Just like in humans, unhealthy teeth and gums left untreated can lead to all sorts of other health issues like kidney problems, heart disease, among others. That’s why dental care is so important. According to the American Veterinary Dental College, most dogs and cats have some evidence of periodontal disease by the time they’re three years old. But, there are things you can do to manage your pet’s dental health and make sure their pearly whites (and gums) stay clean and healthy for many years to come.
What can I do at home to keep my pet’s teeth clean?
1. Start a routine and start it early. If you start cleaning your puppy or kitten’s teeth early, you’ll have a better chance of getting him or her used to having your fingers or a brush in their mouth. Plus, just like brushing your own teeth, working cleanings into a specific time of day can help you stick to it. Try brushing before you feed them in the morning or while you’re watching TV and cuddling in the evenings.
2. Choose what they chew. There are many synthetic bones or harder toys designed to help strengthen and clean your dog’s gums or teeth. Rawhides or other compressed chews can be beneficial, but also pose risks. Always monitor your dog while they’re chewing. If you’re not sure where to start, ask your vet to make some recommendations or you can refer to this list from the Veterinary Oral Health Council.
3. Feed them a good quality food. Generally speaking, crunchy food is better for your pet’s teeth than soft food, which is more likely to stick to the teeth and cause build-up and decay. There are also a number of food options for both dogs and cats that are designed to prevent plaque and tartar build-up.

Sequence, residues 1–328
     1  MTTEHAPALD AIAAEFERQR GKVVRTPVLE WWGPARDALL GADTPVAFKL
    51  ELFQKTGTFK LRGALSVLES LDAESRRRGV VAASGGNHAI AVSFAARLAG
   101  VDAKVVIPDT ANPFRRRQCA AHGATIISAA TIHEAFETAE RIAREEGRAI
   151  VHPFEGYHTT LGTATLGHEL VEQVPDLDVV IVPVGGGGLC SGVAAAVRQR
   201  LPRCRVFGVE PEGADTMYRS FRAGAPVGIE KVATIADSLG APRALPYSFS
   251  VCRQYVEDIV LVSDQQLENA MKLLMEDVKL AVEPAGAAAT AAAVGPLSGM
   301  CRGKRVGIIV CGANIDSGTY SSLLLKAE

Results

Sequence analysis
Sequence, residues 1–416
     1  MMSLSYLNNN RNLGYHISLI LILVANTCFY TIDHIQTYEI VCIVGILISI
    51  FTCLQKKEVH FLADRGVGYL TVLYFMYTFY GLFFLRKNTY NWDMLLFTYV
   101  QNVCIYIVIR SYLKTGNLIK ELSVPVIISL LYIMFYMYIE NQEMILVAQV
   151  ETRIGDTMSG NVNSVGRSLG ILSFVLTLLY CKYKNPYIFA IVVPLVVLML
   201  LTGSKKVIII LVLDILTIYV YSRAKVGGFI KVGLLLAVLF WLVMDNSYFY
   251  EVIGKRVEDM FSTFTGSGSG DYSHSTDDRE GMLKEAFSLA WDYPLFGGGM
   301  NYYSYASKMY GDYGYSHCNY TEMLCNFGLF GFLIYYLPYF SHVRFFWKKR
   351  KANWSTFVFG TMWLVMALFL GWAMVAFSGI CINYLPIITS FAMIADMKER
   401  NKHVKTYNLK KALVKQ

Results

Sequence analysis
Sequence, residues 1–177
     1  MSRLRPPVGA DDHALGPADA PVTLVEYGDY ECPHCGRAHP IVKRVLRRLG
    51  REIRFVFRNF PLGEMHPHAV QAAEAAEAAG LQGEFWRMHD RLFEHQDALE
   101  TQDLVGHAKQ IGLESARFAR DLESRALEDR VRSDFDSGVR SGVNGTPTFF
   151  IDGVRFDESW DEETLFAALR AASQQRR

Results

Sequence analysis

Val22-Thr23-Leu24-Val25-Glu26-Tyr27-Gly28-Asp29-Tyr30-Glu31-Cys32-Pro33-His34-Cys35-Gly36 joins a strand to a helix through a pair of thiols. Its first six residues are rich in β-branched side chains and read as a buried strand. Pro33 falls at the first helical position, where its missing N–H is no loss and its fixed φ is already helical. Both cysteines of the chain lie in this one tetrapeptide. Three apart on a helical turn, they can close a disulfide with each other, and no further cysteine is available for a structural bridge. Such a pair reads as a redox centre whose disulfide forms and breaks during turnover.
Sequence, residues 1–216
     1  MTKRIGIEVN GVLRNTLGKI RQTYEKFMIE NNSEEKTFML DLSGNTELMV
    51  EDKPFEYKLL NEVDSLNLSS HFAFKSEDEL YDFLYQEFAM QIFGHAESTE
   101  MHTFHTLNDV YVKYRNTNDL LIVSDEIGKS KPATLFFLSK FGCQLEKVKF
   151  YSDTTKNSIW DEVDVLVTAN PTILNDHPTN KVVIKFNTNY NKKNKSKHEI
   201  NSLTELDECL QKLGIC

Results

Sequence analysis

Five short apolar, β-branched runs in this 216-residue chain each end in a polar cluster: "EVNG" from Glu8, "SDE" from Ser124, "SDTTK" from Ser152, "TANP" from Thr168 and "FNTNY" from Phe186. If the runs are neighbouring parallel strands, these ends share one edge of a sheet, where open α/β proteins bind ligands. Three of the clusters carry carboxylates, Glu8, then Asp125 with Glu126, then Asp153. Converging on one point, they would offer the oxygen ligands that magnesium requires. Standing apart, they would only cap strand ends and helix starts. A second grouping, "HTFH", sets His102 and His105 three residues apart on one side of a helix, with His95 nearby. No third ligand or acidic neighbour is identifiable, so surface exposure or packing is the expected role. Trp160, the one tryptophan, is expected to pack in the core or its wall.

4. Offer vegetables or fruit as treats. As with any treats, always offer these in moderation but things like carrots, brussels sprouts, chunks of squash or pumpkin won’t stick to your dog’s teeth like some processed treats will.
How does the vet take care of my pet’s teeth?
· Some vets will offer dental exams for free or at a low cost. Especially during February, which is Pet Dental Health Month, but sometimes all year, many clinics will offer free or lower cost dental exams. Check with your vet to see if this is something they offer.
· Teeth cleanings. If the vet determines teeth cleaning is needed, they’ll schedule another visit to do the procedure. With your pet under anesthesia; he or she (or a vet technician) will remove plaque and tartar with a special scaling tool, and will polish the teeth with a rubber-tipped polishing tool and toothpaste designed for dogs or cats. Your pet may get a fluoride treatment too. Sounds just like a trip to the dentist, right?
· Dental extractions. During the cleaning, your vet might determine that one or more teeth have too much disease and must be removed to protect the overall oral health of your pet. Sometimes extractions are fast and simple, especially if a tooth is already loose. Most dogs and cats adjust quite easily to eating with fewer teeth but in some cases, a special food may be needed.
Keep in mind, a dental cleaning done by anyone other than a licensed vet without anesthetic can be dangerous and unhealthy.
How to tell if my pet needs a dental cleaning
Regular exams of your pet’s mouth are important for catching dental disease in its early stages. Here are some other signs that may be related to dental disease:
· Bad breath
· Drooling more than usual
· Pawing at the mouth
· Difficulty chewing
· Loose or missing teeth
· Red or swollen gums
If you notice one or more of these symptoms, it may be time to schedule an appointment with your vet.
Petsecure plans can help with the cost of routine dental care
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